Speciation genomics in petunias

Closely related Petunia species have evolved highly specialized flowers that attract hawkmoths, hummingbirds, or bees as pollinators. Adaptation to contrasting pollinator preferences involved coordinated changes in flower color, scent composition, nectar volume, and morphology. In my research I aim to understand how these evolutionary transitions affect genome evolution and barriers to genetic introgression by combining comparative and population genomic approaches.

The role of genomic structural variation for adaptation

Genomes can be highly flexible and evolve based on processes that duplicate, remove, or rearrange genetic elements within or among chromosomes. The resulting genomic structural variation can be subject to selection and particular genome architectures might spread because they are beneficial for adaptation. I use a combination of comparative genomics and statistics to investigate whether genome architecture has evolved in a non-random way during adaptation to heterogeneous environments. I apply my work to sticklebacks and test whether genome structural changes may have facilitated their repeated and parallel transitions from marine to freshwater habitats.

Adaptation and speciation in stick insects

Californian stick insects of the genus Timema live and feed on various host plants, with several Timema species showing parallel adaptation to multiple hosts. I use population genomics to study the genetic and environmental processes contributing to local adaptation in these insects and that might be important for population differentiation with gene flow. I largely focus on one species, T. cristinae, which has adapted to different host plants and additionally exhibits a color polymorphism conferring crypsis on different plant parts within hosts (i.e., brown or green morphs cryptic on stems or leaves). I am interested in the evolution and the genetic architecture of this polymorphism, which is maintained in full sympatry by balancing selection.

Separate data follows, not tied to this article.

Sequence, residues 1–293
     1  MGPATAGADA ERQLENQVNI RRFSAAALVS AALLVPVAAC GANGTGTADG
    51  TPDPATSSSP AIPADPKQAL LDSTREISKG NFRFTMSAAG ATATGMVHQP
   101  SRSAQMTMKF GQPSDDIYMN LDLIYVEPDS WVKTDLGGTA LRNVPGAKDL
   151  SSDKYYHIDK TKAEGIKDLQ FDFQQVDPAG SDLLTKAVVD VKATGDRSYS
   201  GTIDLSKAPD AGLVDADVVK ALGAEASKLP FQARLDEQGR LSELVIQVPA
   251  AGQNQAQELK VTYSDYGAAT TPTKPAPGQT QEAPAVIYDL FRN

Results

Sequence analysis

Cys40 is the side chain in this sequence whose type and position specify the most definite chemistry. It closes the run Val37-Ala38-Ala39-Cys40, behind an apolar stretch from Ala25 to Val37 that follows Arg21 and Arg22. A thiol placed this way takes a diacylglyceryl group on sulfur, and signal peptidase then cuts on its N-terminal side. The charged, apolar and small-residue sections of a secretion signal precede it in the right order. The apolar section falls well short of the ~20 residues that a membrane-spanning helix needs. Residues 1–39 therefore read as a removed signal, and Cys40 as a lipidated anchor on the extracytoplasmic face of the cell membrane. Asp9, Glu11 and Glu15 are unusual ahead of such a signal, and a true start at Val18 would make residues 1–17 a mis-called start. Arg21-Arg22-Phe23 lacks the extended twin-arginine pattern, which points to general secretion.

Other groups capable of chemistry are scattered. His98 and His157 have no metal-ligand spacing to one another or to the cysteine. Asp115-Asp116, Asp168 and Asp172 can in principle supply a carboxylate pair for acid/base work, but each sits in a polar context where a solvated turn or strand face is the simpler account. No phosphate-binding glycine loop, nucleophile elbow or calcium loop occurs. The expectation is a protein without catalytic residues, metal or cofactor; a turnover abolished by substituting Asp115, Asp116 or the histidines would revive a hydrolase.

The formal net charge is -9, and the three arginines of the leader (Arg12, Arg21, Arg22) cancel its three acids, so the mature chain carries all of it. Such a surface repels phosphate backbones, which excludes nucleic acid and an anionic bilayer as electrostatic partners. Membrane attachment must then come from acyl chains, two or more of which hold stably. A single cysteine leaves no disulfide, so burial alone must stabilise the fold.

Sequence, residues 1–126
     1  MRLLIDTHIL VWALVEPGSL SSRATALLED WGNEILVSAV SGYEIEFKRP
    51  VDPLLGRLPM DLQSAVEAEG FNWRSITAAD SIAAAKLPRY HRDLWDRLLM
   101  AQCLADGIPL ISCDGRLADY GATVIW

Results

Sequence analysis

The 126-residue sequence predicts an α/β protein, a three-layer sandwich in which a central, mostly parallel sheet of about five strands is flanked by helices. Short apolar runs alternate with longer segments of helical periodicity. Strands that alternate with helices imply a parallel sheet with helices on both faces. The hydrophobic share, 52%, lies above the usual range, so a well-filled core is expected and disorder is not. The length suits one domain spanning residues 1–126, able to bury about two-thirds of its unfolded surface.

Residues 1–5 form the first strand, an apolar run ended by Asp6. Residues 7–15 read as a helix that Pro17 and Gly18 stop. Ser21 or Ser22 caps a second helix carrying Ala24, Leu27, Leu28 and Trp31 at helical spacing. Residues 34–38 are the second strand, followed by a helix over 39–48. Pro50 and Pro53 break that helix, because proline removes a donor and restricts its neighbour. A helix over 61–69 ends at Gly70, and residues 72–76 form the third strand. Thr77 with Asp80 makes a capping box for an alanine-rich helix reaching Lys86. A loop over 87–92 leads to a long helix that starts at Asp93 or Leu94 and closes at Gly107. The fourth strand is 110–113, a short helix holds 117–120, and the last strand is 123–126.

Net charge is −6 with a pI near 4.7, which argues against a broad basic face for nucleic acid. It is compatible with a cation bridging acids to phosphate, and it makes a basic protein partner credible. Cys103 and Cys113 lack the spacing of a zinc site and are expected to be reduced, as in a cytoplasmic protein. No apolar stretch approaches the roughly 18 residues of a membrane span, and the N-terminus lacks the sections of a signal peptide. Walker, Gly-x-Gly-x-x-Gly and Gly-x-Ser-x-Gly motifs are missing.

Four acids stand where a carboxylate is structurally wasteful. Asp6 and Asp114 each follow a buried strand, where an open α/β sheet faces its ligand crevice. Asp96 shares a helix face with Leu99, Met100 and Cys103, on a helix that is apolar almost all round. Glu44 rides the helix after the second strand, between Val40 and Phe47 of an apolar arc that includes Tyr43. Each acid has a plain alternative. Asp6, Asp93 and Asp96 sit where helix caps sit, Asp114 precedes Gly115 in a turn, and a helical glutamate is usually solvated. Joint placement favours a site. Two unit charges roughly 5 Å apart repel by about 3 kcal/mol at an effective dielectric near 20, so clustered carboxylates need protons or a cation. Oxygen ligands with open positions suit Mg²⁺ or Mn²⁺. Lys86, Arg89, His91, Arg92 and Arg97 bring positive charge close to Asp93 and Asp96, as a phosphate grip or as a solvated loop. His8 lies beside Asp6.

Hybrid zone simulations

I use computer simulations to study the genomic outcomes of hybridization and admixture. In particular, I am interested in the efficiency of different genetic architectures of reproductive isolation in maintaining species differences in secondary contact, and their effects on introgression and gene flow between species. Together with Alex Buerkle, I worked on the software dfuse that can simulate genomic outcomes of hybridization with different genetic architectures of fitness.

Poplar hybrid zones

I studied the genetics of reproductive isolation and species differences in replicate hybrid zones of European aspen (Populus tremula) and white poplar (P. alba) during my doctoral dissertation. My work revealed that geographically distinct Populus hybrid zones show very similar patterns of genetic ancestry and introgression, indicating a strong role of genetically based reproductive barriers. By jointly inferring genetic ancestry and paternity from genomic data, we could show that postzygotic selection acting on recombinant seedlings contributes substantially to the maintenance of species barriers between these hybridizing, wind-pollinated forest trees.